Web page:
You can either microwave it until hot and bubbling, or re-warm in a 350F oven for about 10 minutes, until hot and bubbling.
The only success I’ve had with making it ahead is if you can truly keep all the potato slices submerged in the cream and milk liquid to prevent browning, then you can make it the night before. You can do this by putting the potato slices, cream, and milk in a Ziploc bag and squeezing all the air out. There are some scattered ideas on the internet about parbaking the potato gratin, but accompanying reports of it not going well.
Did you enjoy the recipe? Please leave a 5-star rating in the recipe card below and/or a review in the comments section further down the page.
- 1 cup heavy cream
- 1 cup milk
- 3 lbs yukon gold potatoes
- 1/4 lb gruyere cheese grated
- 1/4 lb parmigiano reggiano cheese grated
- 3 cloves garlic pressed or minced
- 10 sprigs fresh thyme
- 2 tsp salt
- black pepper
- Preheat the oven to 400 degrees F.
- In a large bowl, combine the heavy cream and milk.
- Using a mandolin, slice the potatoes very thinly (if you don’t have a mandolin, you can use a knife, but it will be a lot more work and time). As you finish slicing each potato, place it into the cream milk mixture so the slices don’t brown.
- When the potatoes are all sliced, add the gruyere and parmigiano cheeses to the bowl, along with the garlic, the leaves from the thyme sprigs, salt, and a few cracks of black pepper. Toss well.
- Pour the potatoes and cream into an 8×11 baking dish, then cover the dish tightly with aluminum foil.
- Place the baking dish on a sheet pan, then bake for 1 hour.
- Remove the foil and bake for 30 minutes more, until the potatoes are tender, bubbling, and golden brown on top. Serve and enjoy!
Nutrition is estimated using a food database and is only intended to be used as a guideline for informational purposes.
50 Comments on “Potato Gratin”
I’ve tried a few gratin recipes, and this one is the winner.
I made a few adjustments: added a few light grating swipes of whole nutmeg, swapped the minced garlic for a few dashes of organic garlic powder (much milder), reduced the thyme a bit, added a scant 1/2 tsp of minced fresh rosemary, omitted the salt entirely (there’s more than enough in the cheese). Turned out beautifully – gorgeous favours, perfect amount of liquid to cheese. And meets the criteria for low sodium (using a lower sodium Italian Parmesan).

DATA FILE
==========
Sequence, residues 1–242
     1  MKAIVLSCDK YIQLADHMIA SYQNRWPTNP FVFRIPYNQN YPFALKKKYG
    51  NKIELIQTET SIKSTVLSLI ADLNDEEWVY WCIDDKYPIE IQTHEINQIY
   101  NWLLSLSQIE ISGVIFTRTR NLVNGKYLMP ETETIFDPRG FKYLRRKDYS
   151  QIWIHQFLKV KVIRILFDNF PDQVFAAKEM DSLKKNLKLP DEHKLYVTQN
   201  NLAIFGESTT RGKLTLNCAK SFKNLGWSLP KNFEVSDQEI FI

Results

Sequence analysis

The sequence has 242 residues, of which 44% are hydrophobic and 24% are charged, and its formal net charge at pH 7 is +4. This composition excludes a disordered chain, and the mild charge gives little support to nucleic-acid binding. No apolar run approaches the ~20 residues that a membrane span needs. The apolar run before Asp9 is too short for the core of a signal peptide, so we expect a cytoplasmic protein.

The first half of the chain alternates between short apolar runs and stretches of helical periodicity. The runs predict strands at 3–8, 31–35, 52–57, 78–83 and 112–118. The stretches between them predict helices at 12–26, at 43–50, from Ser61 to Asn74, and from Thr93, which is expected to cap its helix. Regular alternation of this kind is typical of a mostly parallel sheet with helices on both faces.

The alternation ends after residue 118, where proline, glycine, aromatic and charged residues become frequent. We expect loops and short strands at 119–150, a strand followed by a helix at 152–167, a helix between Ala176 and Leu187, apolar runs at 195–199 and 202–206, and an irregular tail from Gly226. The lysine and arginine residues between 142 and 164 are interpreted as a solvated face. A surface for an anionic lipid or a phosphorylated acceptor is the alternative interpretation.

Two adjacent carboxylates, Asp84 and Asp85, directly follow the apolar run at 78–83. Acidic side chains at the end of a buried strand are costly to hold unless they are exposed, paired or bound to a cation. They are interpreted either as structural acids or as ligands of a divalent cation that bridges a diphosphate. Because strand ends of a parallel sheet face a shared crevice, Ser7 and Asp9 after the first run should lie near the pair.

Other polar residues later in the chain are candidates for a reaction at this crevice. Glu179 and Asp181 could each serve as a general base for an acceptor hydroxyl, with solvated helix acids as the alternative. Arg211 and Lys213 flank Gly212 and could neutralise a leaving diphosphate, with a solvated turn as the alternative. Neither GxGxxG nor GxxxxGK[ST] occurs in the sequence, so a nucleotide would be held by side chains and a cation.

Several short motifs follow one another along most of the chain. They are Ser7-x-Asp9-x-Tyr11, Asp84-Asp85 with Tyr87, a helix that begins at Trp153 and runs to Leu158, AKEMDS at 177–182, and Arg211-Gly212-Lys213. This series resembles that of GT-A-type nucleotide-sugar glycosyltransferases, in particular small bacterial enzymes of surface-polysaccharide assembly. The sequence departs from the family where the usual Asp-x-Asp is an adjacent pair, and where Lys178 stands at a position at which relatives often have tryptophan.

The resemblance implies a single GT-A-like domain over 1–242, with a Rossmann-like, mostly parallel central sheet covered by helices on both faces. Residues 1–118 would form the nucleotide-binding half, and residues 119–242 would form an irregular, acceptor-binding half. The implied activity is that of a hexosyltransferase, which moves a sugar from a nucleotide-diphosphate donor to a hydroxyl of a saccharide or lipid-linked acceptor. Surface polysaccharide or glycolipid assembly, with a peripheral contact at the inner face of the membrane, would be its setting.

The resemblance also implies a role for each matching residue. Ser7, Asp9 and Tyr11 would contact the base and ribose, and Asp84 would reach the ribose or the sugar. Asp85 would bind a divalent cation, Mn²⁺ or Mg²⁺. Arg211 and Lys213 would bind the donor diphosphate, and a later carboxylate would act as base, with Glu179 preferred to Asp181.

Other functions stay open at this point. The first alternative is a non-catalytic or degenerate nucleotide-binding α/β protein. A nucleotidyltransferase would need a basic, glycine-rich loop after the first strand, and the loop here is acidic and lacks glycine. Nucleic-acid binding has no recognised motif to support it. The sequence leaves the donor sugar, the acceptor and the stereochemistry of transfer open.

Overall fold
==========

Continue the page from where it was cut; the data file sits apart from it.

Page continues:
What did I do wrong? I used baby Yukons. Followed the instructions exactly. The dish took well over 2 hours to cook and the cream/milk sauce broke, leaving a curdling goo in the dish. I want to try this again, but could sure use some advice. I’m giving it 5 stars due to the taste.
Hi Marlene, it should take closer to 90 minutes than over two hours. Did you cut the potatoes using a mandolin? If so, is it possible you could slice them thinner? Curdling results from high heat and extended cooking, and over 2 hours to cook would probably exacerbate that, though some curdling is normal for this type of preparation. If you Google this, basically the only way to get around it entirely is to make something like a bechamel, which is just a different preparation. Hope that helps.
This is a pretty good gratin recipe. I did need to add more liquid because mine barely covered the potatoes.
Mine curdled. Any idea why?
Love this recipe, it has become part of our Christmas tradition. Super easy to make and so delicious. Definitely recommend for special occasions (if you’re not counting calories!).
We tried this last evening for a dinner with old friends and thought it was fantastic! I may try a bit of cheddar to balance the cheese flavors, but the base recipe is awesome and needs no “doctoring” to make it great. We will definitely make this again any times over.
This was awesome! There were only 4 of us so I cut the recipe in 1/2 and it came out great. I did the hour bake and then had to let it sit for an hour or so before I did the uncovered bake. Came out great. I used kosher salt and the salt level was fine. I also shredded my own cheese, which is much better. My husband commented several times how much he liked the potatoes, and he doesn’t care for the yellow cheese au gratin spuds.
Wonderful and very tasty recipes !
2 teaspoons is a lot of salt. I normally only use 1 teaspoon of salt when making au gratin potatoes because the cheese is salty to begin with. I’m curious what type of salt did you use for this recipe? Kosher, table salt, sea salt, etc.?
The best potato dish I’ve ever made. Followed your recipe precisely with one deviation: I was also cooking a standing rib roast and fell behind. It had to go in at 250° for 3 hours before the final 30 minutes topless potato bake. So I left them covered and did the 30 minute browning 3 hours later while the roast rested prior to its 500° blast. They were beyond delicious. Thank you.
Two teaspoons of salt were too much, and this from someone who likes salt and tends to the high side in eating food with salt. Otherwise, the recipe is fine, but oversalting reduced enjoyment considerably. Better to error on the low side than on the high side with salt.
Thanks for sharing your thoughts. I am curious what kind of salt you used. Type used can really affect the outcome.